You are here

Group Urges NPS Director Jarvis To Reject ORV Plan For Big Cypress National Preserve


Park Service Director Jon Jarvis is being asked to reject a proposed off-road vehicle management plan for a section of Big Cypress National Preserve. NPS photo of forest in the preserve.

A Florida conservation group wants National Park Service Director Jon Jarvis to reject the preferred off-road vehicle plan for the Addition lands in Big Cypress National Preserve. In a lengthy letter the South Florida Wildlands Association urges the director to "take a step that will truly fulfill the lofty language of the Organic Act of 1916" by setting aside more of the landscape for wilderness designation.

The voluminous letter, running nearly 10,000 words, outlines a range of problems the wildlands association believes the ORV plan will create. Among those issues are impacts to the endangered Florida panthers that live within the national preserve, perceived "unfairness" in the amount of ORV trails that would be allowed within the Addition lands, and unreasonable impacts to natural resources in the 147,000 acres spread across the preserve's northeastern corner.

The Addition lands came to Big Cypress in 1996 as part of a land swap. At the time the Addition was placed off-limits to ORV travel and hunting until a management plan could be developed. When Superintendent Pedro Ramos released the final version of his preferred ORV plan in November, it called for up to 130 miles of ORV trails, and as many as 650 ORV permits annually. Along the way to developing that plan, his critics allege that the superintendent and his staff went around Director Jarvis' wishes and denied wilderness eligibility for 40,000 acres in the Addition section.

Superintendent Ramos, however, counters that everything was conducted above-board and that the reduction in acreage worthy for wilderness designation stemmed from his staff's review of more than 17,000 comments on the draft ORV plan.

But in his letter sent this week to Director Jarvis, Superintendent Ramos, and Southeast Regional Director David Vela, Matthew Schwartz of the wildlands association argues that "there are significant issues pertaining to policy, science, and law which NPS has failed to consider in the writing and publication of this plan. We request that NPS reconsider the signing of Record of Decision for this plan in light of these deficiencies."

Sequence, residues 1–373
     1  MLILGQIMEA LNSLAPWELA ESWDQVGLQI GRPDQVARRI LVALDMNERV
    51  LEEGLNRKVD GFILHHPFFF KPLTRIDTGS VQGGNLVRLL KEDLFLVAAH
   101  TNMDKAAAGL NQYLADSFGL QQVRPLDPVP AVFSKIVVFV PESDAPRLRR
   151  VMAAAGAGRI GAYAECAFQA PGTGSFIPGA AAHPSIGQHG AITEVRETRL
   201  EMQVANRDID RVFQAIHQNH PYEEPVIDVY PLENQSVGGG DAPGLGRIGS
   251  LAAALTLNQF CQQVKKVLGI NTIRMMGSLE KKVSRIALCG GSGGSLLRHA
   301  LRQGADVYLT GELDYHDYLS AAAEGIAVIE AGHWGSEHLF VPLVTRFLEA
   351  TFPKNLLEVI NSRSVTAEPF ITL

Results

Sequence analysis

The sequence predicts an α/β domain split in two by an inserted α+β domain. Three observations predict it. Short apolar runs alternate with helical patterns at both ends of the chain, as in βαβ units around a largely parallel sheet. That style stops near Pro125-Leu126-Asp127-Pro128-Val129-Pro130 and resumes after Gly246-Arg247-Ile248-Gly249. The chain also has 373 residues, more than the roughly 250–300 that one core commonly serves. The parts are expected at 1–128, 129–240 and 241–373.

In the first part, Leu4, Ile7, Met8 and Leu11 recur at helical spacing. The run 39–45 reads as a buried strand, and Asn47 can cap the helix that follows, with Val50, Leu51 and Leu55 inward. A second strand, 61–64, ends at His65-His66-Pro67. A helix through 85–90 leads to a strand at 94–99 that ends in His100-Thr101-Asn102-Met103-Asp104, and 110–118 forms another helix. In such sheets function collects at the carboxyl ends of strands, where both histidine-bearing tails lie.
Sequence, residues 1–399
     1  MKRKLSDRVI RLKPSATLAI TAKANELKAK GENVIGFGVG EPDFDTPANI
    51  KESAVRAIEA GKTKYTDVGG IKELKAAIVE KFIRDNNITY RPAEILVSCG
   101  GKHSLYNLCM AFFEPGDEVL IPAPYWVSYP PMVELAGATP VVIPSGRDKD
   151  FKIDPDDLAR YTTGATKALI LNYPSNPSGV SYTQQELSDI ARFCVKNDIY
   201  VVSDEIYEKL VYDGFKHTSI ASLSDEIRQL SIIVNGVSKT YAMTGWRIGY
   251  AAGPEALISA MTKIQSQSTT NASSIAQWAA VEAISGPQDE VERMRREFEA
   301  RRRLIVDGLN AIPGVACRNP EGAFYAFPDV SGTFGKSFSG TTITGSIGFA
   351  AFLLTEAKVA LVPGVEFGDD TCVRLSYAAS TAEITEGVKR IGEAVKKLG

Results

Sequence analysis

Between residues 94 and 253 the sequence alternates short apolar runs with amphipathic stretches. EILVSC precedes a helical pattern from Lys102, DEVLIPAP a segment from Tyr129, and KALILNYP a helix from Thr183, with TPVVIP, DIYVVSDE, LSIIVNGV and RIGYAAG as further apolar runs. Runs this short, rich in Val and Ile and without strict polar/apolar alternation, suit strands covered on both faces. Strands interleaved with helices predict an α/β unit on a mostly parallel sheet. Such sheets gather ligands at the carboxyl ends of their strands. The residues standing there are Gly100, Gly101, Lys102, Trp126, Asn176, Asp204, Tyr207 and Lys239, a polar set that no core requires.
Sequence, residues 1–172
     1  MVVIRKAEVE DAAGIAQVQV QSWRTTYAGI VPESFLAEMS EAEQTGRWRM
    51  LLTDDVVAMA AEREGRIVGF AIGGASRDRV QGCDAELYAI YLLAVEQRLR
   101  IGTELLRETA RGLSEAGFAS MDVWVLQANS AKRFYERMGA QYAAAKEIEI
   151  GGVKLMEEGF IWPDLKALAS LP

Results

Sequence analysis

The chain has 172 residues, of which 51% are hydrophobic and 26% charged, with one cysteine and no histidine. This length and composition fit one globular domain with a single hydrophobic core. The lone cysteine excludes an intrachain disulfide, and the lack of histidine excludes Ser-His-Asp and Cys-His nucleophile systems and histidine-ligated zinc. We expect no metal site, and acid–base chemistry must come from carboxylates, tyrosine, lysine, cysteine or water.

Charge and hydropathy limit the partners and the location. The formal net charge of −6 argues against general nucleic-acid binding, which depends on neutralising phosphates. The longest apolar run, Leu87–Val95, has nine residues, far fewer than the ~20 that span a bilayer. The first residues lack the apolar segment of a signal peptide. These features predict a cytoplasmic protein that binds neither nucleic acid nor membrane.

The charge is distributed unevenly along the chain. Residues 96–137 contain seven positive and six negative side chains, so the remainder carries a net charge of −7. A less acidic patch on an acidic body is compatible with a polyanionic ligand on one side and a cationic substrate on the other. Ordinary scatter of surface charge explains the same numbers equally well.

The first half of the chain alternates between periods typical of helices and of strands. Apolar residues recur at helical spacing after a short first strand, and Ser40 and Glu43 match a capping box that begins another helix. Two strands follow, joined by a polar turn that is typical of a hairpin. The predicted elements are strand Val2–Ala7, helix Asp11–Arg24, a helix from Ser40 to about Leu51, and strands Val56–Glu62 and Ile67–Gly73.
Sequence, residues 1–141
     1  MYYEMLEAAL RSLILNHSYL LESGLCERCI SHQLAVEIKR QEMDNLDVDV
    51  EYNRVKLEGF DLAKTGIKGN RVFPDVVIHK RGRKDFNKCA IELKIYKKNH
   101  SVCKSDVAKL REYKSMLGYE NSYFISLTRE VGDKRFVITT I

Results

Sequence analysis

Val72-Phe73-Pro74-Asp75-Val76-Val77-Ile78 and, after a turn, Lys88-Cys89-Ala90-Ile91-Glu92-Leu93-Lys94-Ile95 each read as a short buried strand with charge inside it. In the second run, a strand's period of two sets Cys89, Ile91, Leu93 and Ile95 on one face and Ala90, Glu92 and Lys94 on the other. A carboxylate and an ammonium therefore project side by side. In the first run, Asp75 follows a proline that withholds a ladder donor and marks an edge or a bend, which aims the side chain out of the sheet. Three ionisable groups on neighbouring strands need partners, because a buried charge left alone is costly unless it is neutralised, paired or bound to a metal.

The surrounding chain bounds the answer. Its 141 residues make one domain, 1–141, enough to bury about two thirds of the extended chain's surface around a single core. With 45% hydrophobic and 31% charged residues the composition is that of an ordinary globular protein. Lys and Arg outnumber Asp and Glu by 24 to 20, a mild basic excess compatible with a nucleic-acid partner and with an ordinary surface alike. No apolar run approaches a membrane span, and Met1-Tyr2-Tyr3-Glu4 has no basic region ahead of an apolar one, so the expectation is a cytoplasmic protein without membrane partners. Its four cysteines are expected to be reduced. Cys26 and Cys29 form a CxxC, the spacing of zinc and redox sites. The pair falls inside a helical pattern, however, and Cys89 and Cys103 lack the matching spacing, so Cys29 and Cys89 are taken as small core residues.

While Superintendent Ramos said part of the rationale for his decision on the plan stems from the designation of Big Cypress as a "national preserve," and not a "national park," two park system classifications that carry different management duties, Mr. Schwartz contends that those distinctions don't matter when it comes down to the basic mandate given the Park Service by the National Park Organic Act of 1916.

"In my years of work on this issue for the Sierra Club and now with South Florida Wildlands Association, I have been frequently criticized by some members of the general public, but also by NPS staff, for not taking into consideration the distinction between a ‘park’ and a ‘preserve’ with regard to management decisions by NPS in BCNP," writes Mr. Schwartz, the wildlands association's executive director.

He went on to note that the off-road management plan adopted for the rest of Big Cypress notes that the preserve is to be managed "in a manner that will ensure its ‘natural and ecological integrity in perpetuity.’"

"The (enabling) legislation (of Big Cypress) further states the management of the area should be in accordance ‘with the provisions of the Act of August 25, 1916 (NPS Organic Act),'" he writes. "Thus, the natural and ecological integrity of the preserve is the fundamental value that Congress directed the National Park Service to protect."

Other items cited in the letter include:

* "The plan to open 130 miles of primary ORV trails (and a still unspecified number of secondary trails) in the Addition is inherently unfair. ... most of the BCNP is already open to motorized recreation for up to 2000 permitted ORV owners."

"This plan hardly provides for the 'equitable allocation and use of facilities' of the preserve. Nor does it seek to 'avoid conflict among visitor use activities.' Instead it brings the preserve from ‘mostly motorized’ to almost ‘completely motorized’—at the expense of the current users of the Addition who do not utilize motor vehicles and seek a different type of experience."

* A 2007 visitor use study of the preserve conducted by the University of Idaho "indicated that the most common visitor group activities were viewing wildlife (69%), taking a scenic drive (66%) driving through the Preserve to reach another destination (52%), and bird-watching (48%). Hiking and photography/painting/ drawing were also popular activities, at 39%. A smaller portion of visitors participated in more traditional forms of outdoor recreation, including picnicking (20%), camping (18%), airboating (18%), and fishing (15%). Only 9% of the visitors surveyed planned to canoe or kayak, and only 4% planned to hunt. About 7% of visitors interviewed had plans to drive off road vehicles within the Preserve. Around 6% of visitors participated in ‘other’ types of activities, which may include biking and horseback riding."